How to Add Farmhouse Cabinet Trim - $15 Character Add to Kitchen

15 Materials
6 Hours


If you are looking to add some character to your kitchen then this budget friendly Farmhouse Cabinet Trim will work perfect! Plus it only costs around $15 to make.

This was our kitchen way before our whole kitchen remodel.

This was our kitchen remodel but before adding the farmhouse cabinet trim.

I will not be providing cut lengths for this project due to the variations in cabinet sizes. However the width of the trim were all 3 inches wide except for the bottom pieces at 4 1/2 inches wide.  

For the cuts I started out by measuring and cutting the lengths of the 4 1/2 inch wide bottom pieces. I also had to use a jig saw (Rockwell Bladerunner) to cut out the space for the baseboard trim on two of the cabinets. To do this I happen to have a piece of baseboard trim that I used to trace. Then I measured and cut the 3 inch top pieces.

Once I had the top and bottom pieces cut I dry fit them in place (use a clamp if necessary).

I repeated this for each cabinet.

Next I sanded the long sides of all the pieces to soften the edges.

Using a small paint brush for the edges and a roller for the top I added a couple coats of primer and a couple coats of paint and allowed them to dry. 

I measured the lengths on both sides where the side trim would go. Then I cut the 3 inch wide side pieces to length and dry fit those in place.

I didn't use any glue as I figured if a future homeowner decides they want to change these out it is much easier without the glue.

Once all the frames were attached the cross pieces could be traced and cut. I wish I could give you a simple fool proof method for cutting the corners of these cross pieces but from my research I wasn't able to find any. What I did was measure and cut a piece longer than I needed to make room for errors. 

Then making sure each end intersects the corners place the board over the corner and trace your corner cuts.

You can use a jig saw for this but I used a miter saw and that worked well. Then to make life easier the first cross piece I made I dry fit it for another cabinet and made adjustments as needed. I repeated this for all four cabinets, sanded the long edges, primed, painted and installed with a pin nailer.

*Note before installing the first cross piece I dry fit it where the second cross piece would go. Then I traced the corner to save time later with my cuts

Next I attached the trim to the cabinet with a pin nailer and 1/2 inch 23G pin nails.

I marked center on the first cross piece of the cabinet, using a scrap piece of wood I created a line crossing center going in the direction of the second cross piece trim. 

I made my second cross piece corner cuts by tracing the corner cuts from the first diagonal cuts.

I cut the opposite ends of the corners (where it meets the other cross piece) with my miter saw angle about 22-25 degrees. Leaving a little bit longer length for proper fitting to butt up against the first cross trim piece. Putting the two pieces edge to edge I measured the middle down the length of the board on the second cross pieces and marked with a line.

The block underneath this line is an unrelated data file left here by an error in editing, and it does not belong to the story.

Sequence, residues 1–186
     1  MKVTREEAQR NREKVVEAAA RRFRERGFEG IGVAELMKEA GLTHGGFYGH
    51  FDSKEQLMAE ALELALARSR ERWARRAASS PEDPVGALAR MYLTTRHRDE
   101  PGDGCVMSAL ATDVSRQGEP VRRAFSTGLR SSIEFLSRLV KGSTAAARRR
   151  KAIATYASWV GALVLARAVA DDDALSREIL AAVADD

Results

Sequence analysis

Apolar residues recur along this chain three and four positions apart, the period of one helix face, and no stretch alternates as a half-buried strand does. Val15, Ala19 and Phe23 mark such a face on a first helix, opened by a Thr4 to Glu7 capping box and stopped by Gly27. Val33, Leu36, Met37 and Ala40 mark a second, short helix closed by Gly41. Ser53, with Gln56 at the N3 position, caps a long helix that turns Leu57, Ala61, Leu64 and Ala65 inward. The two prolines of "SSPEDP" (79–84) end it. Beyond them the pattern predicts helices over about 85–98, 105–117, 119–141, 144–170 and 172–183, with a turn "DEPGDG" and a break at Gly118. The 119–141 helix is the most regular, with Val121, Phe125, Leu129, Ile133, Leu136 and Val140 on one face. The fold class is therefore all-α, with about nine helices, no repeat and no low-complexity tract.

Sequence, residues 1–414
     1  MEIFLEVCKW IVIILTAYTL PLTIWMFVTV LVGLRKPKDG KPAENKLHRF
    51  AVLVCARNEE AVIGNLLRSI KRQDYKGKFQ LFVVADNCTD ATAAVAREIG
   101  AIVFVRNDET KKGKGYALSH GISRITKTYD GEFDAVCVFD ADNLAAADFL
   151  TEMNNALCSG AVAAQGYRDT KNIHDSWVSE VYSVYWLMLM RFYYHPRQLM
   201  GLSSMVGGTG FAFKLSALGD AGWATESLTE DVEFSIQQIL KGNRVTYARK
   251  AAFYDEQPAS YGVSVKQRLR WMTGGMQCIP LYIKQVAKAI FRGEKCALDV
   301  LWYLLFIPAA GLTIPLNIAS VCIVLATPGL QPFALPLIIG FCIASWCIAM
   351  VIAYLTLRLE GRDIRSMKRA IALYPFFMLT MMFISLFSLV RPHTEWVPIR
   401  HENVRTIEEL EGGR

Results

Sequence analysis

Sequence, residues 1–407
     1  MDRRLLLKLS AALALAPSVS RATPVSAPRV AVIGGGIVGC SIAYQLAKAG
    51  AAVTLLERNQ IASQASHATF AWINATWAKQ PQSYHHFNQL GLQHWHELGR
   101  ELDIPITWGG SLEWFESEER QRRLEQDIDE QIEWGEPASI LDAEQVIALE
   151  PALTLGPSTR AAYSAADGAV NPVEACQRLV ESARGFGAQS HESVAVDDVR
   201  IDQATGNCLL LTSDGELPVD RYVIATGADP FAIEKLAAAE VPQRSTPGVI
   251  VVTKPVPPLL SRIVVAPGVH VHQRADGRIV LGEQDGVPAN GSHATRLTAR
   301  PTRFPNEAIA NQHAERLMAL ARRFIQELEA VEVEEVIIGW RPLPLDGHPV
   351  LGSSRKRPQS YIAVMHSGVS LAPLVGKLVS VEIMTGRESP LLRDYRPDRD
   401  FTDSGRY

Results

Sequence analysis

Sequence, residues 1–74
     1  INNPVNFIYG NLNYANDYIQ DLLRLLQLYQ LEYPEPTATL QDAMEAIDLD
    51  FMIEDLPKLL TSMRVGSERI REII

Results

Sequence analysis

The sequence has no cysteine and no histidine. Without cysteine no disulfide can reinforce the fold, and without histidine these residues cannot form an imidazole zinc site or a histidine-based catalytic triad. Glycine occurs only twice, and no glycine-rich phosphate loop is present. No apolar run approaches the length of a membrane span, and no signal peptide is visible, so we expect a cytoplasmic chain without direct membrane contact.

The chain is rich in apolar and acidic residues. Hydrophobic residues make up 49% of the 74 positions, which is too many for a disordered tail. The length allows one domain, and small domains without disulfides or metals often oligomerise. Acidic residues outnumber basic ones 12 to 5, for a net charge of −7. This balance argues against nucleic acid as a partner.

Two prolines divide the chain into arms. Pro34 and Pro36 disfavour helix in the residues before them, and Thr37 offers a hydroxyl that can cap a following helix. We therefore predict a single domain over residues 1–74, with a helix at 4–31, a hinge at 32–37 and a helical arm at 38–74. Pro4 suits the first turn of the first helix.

Next I lined up the center of the cross piece with the intersecting line and traced with a pencil where to cut of the excess trim. I repeated this for each cabinet and second cross trim piece and checked each piece with dry fitting it first. 

Then I sanded, primed and nailed as before.

Then I sanded, primed, painted and nailed as before. 

For the final step I added wood filler to all of the nail holes and caulk to all of the edges. This pic is before caulk and wood filler.

I used the end of a paper clip to smooth out the caulk in the tight corners. It is amazing how wood filler and caulk fixes imperfections.

I touched up all the caulk and wood filler with paint as well. 

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Want more details about this and other DIY projects? Check out my blog post!


Have a question about this project?

3 of 35 questions
  • Suzanne
    on Sep 26, 2020

    Different windows, floor, stove, counters?

    • Candice Torongeau
      Candice Torongeau
      on Sep 26, 2020

      Is the island free floating? I like the idea of being able to move it around if necessary or for a different design

  • Lori
    on Sep 27, 2020

    I tried to read all the questions so as not to repeat - is it rude to ask ABOUT how much the original remodel cost? It looks beautiful and your kitchen is almost identical to mine. We are planning a similar remodel (with a floating island, raised ceiling, new lights, counters, cabinets, and some appliances) and it would help to have an idea. You did a lovely job!

    • Thanks Lori!

      It cost around $15K for the remodel and that included new appliances. We were able to save a couple grand on the cabinets by going with Cabinets to Go, which you have to assemble and install the cabinets yourself.

  • Alicia McLane
    Alicia McLane
    on Sep 29, 2020

    I would like to do this but did you replace the doors and drawers? I was thinking that you layered it with the new wood???

    • Linda
      on Nov 28, 2020

      Everything is brand new. The title of the post is a little misleading. It looks great, though, and at $15,000 pretty inexpensive.

Join the conversation

2 of 156 comments
  • Kelly
    on Sep 26, 2020

    Beautiful! I will be saving this one for sure and showing my mom! She wants to paint her kitchen cabinets white as well but this will add just the perfect touch!

  • Jane Moreau
    Jane Moreau
    on Sep 26, 2020

    It looks good without the farmhouse extra.

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